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Saunders v. Robinson

United States District Court, W.D. Pennsylvania

July 8, 2019

RAYCO SAUNDERS, Plaintiff,
v.
DARRYL ROBINSON, PRESIDENT; Defendant,

          REPORT AND RECOMMENDATION

          Cynthia Reed Eddy, Chief United States Magistrate Judge.

         I. RECOMMENDATION

         On January 29, 2019, Plaintiff Rayco Saunders proceeding pro se filed a motion for default judgment (ECF No. 49) against the last remaining defendant in this case, Darryl Robinson. A hearing on the matter was held on April 22, 2019.

         After careful review of Plaintiff's complaint, the testimony presented at the default judgment hearing and the evidence of record, for the reasons that follow, it is respectfully recommended that Plaintiff's motion for default judgment against Defendant be granted and default judgment be entered against Defendant Robinson in the amount of $5, 001.00.

         II. REPORT

         Procedural History and Service of Process

         Plaintiff's complaint was filed on July 20, 2016 and Defendant Robinson was personally served with the complaint on November 14, 2018. (ECF Nos. 1, 42). Defendant Robinson's responsive pleading was due on December 5, 2018; however, he failed to file a responsive pleading or otherwise appear. (ECF No. 42). After Plaintiff submitted his motion for default judgment, Defendant Robinson was mailed a certified copy of the notice of the hearing on April 5, 2019 and failed to appear at the hearing. (ECF No. 52).

         Default Judgment Hearing

         At the default judgment hearing, Plaintiff claimed that in 2014, he entered into a bout contract for a boxing match with GFS Entertainment Group, LLC (“GFS”). Tr. (ECF No. 55) at 2. Defendant Robinson was the president of GFS and promoted the bout that Plaintiff was to compete in. Id. For competing in the bout, Plaintiff was to receive $5, 000 for competing in the boxing match, $350 for travel, medical expenses, three days of per diem pay and reimbursed for two nights hotel stay. Id. Plaintiff admits he was paid travel and hotel expenses, did not testify that he incurred any medical expenses, and did not provide any testimony or specify what the per diem rate was under the contract. Tr. at 20-21. Plaintiff alleges he kept up his obligations under the contract and that the day of the bout, and as he was walking towards the boxing ring with his boxing gloves on, it was announced that the fight would not occur. Tr. at 2-3. After the announcement, the event staff ushered fans out of the arena and Plaintiff was never paid the $5, 000 or any other money he alleges he is owed. Tr. at 3. Plaintiff testified that after the fight was cancelled, a meeting occurred between Plaintiff, the boxing commissioner, and Defendant Robinson, in which the boxing commissioner told Defendant Robinson to pay Plaintiff out of the bond set for the fight. Tr. at 19-20. Plaintiff testified that the commissioner did not cancel the fight. Tr. at 28. Plaintiff testified that Defendant Robinson agreed to pay Plaintiff, but he never received payment from Defendant Robinson. Tr. at 20. Plaintiff testified that no one else stopped the fight but Defendant Robinson. R. at 28. Plaintiff alleges that the bout was cancelled because there was a lack of funds to pay the boxers. Id.

         The remaining claims against Defendant Robinson are (1) a breach of contract claim; and (2) an intentional interference with contractual relations claim. (ECF No. 48).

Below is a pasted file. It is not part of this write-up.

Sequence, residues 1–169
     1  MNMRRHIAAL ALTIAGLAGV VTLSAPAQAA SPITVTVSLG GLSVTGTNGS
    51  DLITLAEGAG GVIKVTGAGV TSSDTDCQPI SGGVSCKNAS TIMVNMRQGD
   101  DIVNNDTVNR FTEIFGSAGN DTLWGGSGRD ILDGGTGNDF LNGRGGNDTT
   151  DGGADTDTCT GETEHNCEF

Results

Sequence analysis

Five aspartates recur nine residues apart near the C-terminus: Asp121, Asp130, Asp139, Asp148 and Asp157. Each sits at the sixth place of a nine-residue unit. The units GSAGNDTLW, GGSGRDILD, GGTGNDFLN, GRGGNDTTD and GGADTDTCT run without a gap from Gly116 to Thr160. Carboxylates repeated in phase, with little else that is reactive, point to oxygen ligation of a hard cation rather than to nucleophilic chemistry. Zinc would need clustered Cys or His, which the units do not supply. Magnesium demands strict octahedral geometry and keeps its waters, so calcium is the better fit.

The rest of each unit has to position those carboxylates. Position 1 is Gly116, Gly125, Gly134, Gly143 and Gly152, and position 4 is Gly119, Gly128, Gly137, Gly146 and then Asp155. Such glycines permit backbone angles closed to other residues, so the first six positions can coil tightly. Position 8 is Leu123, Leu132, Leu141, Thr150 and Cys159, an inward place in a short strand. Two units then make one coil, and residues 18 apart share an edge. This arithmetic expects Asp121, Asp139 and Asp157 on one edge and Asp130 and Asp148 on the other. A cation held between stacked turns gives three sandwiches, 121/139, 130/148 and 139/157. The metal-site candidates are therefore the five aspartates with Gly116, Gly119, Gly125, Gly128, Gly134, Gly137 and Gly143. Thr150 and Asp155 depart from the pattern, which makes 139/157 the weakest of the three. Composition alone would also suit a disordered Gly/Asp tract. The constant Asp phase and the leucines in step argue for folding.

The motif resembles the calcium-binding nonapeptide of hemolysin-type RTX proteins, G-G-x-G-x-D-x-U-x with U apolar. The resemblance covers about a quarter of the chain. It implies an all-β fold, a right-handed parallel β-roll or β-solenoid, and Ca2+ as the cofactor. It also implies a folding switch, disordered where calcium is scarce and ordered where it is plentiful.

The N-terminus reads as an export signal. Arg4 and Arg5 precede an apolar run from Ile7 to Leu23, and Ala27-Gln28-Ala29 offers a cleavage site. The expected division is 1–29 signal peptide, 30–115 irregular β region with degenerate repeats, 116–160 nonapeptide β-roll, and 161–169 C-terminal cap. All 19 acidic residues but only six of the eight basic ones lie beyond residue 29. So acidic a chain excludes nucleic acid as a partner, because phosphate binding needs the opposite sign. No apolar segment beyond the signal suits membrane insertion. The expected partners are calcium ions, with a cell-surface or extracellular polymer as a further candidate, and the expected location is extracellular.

Under Federal Rule of Civil Procedure 55, after a party asks the court to enter default judgment, the court must conduct a hearing to determine whether it needs to conduct an accounting, determine the amount of damages, establish the truth of any allegation by evidence, or investigate any other matter. Fed.R.Civ.P. 55(b)(2). The factual allegations of a complaint may be taken as true against a defaulting party for purposes of considering entry of default judgment. Comdyne I, Inc. v. Corbin, 908 F.2d 1142, 1149 (3d Cir.1990)). In deciding whether to grant a motion for default judgment, the court should consider whether the defendant has a defense to the action. Chamberlain v. Giampapa, 210 F.3d 154, 164 (3d Cir.2000).

         Breach of Contract

         It is respectfully recommended that default judgment not be entered against Defendant Robinson for a breach of contract, because this claim is meritless. Under District of Columbia law, [1] to state a claim for breach of contract, a party must establish: (1) a valid contract between the parties; (2) an obligation or duty arising out of the contract; (3) a breach of that duty; and (4) damages. Bonfire, LLC v. Zacharia, 251 F.Supp.3d 47, 51 (D.D.C. 2017). It is undisputed that Plaintiff entered into the bout contract with GFS and not Defendant Robinson. There is a general rule “that a corporation is regarded as an entity separate and distinct from its shareholders. . . . [T]he acts and obligations of the corporate entity will not be recognized as those of a particular person until the party seeking to disregard the corporate entity has proved by affirmative evidence that there is (1) unity of ownership and interest, and (2) use of the corporate form to perpetrate fraud or wrong.” Vuitch v. Furr, 482 A.2d 811, 815 (D.C. App. 1984). Plaintiff has not alleged in his complaint and has not otherwise provided any evidence showing that Defendant Robinson should be personally responsible for contracts entered into by GFS. GFS is the proper party to any breach of contract action, however, this entity has been dismissed with prejudice after numerous attempts at service of process were futile. (ECF No. 46). Accordingly, it is respectfully recommended that Plaintiff's motion for default judgment as to his breach of contract claim against Defendant Robinson be denied.

         Intentional Interference with ...


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